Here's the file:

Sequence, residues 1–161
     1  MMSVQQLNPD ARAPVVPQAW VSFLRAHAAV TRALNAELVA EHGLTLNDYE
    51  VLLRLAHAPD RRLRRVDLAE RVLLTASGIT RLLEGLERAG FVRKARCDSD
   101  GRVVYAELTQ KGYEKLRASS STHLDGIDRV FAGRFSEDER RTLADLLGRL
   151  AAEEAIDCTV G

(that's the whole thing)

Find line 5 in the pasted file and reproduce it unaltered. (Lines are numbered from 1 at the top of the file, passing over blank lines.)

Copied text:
   151  AAEEAIDCTV G